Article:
Protein Biomarker Discovery Using Human Blood Plasma Microparticles

Methods Mol Biol. 2019;1959:51-64. doi: 10.1007/978-1-4939-9164-8_4.

Abstract

Cells shed into the extracellular space a population of membranous vesicles of plasma membrane origin called microparticles (MP). Given the fact that MP are abundantly present in body fluids including plasma, rich in cell-type or disease-specific proteins and formed in conditions of stress and injury, they have been extensively investigated as biomarkers in various diseases. With the advancement in the mass spectrometry-based proteome analysis, the knowledge of the protein composition of plasma MP (PMP) has been intensively expanded, which aids the discovery of novel diagnostic target proteins. However, the lack of standardized and accurate protocols for PMP isolation limits the implementation of PMP as biomarkers in clinical settings. Here, we describe in detail a robust protocol for PMP isolation from human blood plasma via ultracentrifugation followed by label-free quantitative proteome analysis of PMP.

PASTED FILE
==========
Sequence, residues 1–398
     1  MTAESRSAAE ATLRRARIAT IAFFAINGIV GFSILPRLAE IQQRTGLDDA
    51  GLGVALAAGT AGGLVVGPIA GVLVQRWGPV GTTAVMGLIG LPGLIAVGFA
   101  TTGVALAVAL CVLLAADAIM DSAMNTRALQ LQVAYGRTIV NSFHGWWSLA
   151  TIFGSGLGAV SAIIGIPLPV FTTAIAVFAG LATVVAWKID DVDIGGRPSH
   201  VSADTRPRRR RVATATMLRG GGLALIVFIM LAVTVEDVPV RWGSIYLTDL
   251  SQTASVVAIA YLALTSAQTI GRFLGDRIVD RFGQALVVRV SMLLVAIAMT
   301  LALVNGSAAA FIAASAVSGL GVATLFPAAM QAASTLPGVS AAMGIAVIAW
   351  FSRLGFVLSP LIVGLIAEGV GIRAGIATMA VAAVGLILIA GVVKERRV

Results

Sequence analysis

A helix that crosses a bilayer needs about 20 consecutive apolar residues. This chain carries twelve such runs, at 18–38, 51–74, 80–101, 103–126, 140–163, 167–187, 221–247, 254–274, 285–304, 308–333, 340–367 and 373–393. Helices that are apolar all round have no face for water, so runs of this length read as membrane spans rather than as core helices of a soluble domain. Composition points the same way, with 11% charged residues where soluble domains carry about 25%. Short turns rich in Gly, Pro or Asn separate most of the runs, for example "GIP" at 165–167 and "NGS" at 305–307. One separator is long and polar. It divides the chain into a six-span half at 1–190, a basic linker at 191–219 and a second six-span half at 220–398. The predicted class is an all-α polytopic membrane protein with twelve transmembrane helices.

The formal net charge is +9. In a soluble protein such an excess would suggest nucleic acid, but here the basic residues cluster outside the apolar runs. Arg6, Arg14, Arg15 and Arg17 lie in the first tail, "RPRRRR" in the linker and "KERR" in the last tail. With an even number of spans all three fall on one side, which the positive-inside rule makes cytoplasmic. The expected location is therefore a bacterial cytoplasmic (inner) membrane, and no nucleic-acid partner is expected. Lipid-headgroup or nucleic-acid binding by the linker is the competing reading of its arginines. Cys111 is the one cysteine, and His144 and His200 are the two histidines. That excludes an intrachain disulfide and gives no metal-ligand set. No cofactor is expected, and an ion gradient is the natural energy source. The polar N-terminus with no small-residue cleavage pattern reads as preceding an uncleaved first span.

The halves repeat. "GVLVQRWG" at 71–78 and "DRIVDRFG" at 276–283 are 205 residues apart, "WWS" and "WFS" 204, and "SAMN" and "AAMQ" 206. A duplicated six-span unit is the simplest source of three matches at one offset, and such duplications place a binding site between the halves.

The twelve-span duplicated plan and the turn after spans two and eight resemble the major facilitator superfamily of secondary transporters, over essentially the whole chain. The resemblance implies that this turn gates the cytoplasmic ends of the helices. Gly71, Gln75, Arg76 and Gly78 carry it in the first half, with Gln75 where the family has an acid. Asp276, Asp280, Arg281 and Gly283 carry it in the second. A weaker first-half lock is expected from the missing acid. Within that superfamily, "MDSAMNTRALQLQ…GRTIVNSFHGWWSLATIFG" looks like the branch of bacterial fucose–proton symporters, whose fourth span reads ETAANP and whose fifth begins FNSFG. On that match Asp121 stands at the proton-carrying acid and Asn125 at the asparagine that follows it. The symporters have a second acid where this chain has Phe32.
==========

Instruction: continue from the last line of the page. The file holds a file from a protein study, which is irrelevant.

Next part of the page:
Keywords: Blood-based biomarker; Label-free proteome quantification; Plasma microparticle proteome; Plasma microparticles; Ultracentrifugation.

MeSH terms

  • Biomarkers*
  • Cell-Derived Microparticles*
  • Chromatography, Liquid
  • Computational Biology / methods
  • Data Interpretation, Statistical
  • Gene Ontology
  • Humans
  • Proteome*
  • Proteomics*
  • Tandem Mass Spectrometry
  • Ultracentrifugation

Substances

  • Biomarkers
  • Proteome